Date: 12.30 – 2.00pm, Thursday 22nd February
Location: Seminar Room 6,Chrystal MacMillan Building,15a George Square, Edinburgh EH8 9LD
Title: Positively Squishy – creative research in the lab
Speaker: Beverley Hood, artist and lecturer in the School of Design at the University of Edinburgh.
In an environment where bioscientific research undertaking “qualitative field-based inquiries with living people or living organisms are increasingly regarded as naïve or amateurish” (Ingold, 2016), creative practice researchers have a unique ability to undertake “positively squishy” (Ingold, 2016) approaches to inquiry, and act as agents of correspondence.
In this presentation, Beverley will talk about undertaking a micro-residency in the laboratory of Professor Sara Brown, an eczema genetic research lab, within the School of Medicine, University of Dundee, organised by ASCUS Art & Science, and funded by the Wellcome Trust and the Arts & Ethics Research Group. This research and development residency involved observing the day to day activities of the lab, from carefully nurturing skin cell cultures, to the precise, complex and delicate processes used to analyse these samples. Beverley will discuss the series of experimental creative works, developed in response to this, which attempt to immerse the viewer in the lab, by embodying the poetic, human and ethical issues that it’s work raises.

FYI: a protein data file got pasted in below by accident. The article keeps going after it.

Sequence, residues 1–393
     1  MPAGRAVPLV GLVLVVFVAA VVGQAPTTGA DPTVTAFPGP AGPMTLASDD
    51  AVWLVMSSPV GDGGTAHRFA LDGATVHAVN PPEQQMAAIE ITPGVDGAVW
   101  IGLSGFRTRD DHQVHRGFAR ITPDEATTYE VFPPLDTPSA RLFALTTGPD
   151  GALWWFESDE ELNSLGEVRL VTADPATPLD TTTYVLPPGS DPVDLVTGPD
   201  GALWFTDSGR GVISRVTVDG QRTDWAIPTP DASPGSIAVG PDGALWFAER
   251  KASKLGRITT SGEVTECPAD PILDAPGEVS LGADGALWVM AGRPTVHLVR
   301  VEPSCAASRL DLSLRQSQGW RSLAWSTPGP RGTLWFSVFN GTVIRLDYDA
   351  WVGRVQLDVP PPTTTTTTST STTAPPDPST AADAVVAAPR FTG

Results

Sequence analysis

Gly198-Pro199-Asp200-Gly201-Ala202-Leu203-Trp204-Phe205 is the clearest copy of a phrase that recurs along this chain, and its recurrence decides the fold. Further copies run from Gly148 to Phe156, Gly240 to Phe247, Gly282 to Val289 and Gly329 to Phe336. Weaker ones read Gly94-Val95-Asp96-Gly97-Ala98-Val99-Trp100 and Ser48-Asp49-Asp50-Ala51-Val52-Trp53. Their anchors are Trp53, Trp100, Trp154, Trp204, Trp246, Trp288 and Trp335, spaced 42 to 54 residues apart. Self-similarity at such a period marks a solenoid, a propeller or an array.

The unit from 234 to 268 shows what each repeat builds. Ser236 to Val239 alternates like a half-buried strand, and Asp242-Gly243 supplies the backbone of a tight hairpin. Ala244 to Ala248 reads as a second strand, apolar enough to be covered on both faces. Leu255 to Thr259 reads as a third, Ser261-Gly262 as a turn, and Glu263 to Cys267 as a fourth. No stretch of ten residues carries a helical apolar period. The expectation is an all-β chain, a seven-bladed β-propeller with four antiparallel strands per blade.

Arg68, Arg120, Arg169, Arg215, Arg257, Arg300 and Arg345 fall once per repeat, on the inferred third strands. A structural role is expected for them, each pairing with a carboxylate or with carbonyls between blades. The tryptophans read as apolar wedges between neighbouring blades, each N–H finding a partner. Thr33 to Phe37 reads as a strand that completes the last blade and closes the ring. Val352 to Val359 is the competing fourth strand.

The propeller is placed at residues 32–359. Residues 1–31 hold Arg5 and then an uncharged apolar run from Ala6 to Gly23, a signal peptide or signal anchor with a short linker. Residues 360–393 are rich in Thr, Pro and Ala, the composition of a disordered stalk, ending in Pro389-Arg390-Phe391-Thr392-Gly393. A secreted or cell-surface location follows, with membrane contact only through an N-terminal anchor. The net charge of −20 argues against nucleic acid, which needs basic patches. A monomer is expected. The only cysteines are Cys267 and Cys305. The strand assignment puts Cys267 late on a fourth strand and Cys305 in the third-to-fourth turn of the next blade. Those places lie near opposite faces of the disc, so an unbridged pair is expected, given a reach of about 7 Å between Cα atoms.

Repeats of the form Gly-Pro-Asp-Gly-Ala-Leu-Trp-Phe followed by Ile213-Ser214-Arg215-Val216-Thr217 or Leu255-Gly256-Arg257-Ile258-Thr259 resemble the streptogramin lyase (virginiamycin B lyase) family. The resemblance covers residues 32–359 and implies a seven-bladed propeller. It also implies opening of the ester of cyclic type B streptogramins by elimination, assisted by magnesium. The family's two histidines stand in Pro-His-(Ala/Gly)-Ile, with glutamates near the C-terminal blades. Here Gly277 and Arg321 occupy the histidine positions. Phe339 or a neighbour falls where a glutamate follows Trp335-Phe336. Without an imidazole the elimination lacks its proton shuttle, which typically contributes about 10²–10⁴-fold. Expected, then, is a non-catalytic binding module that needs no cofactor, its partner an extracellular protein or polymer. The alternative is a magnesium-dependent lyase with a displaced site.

If you are interested in attending, please register via the Eventbrite page
About MI Lunches
Human health is essential for the enjoyment and maximisation of almost all human activities. As our health futures rapidly evolve alongside great medical, scientific, and technological advancement, we are faced with the obligation to both protect patients and promote ethical research. How to successfully navigate these interconnected and complex relationships is a challenge not yet met. The Mason Institute is at the forefront of research into the protection and promotion of human health. The MI Lunch Series reaches across the boundaries of discipline and institution to directly engage with crucial human health actors – researchers, practitioners, policymakers, patients, and the public – to exploit on-going research and explore this challenge.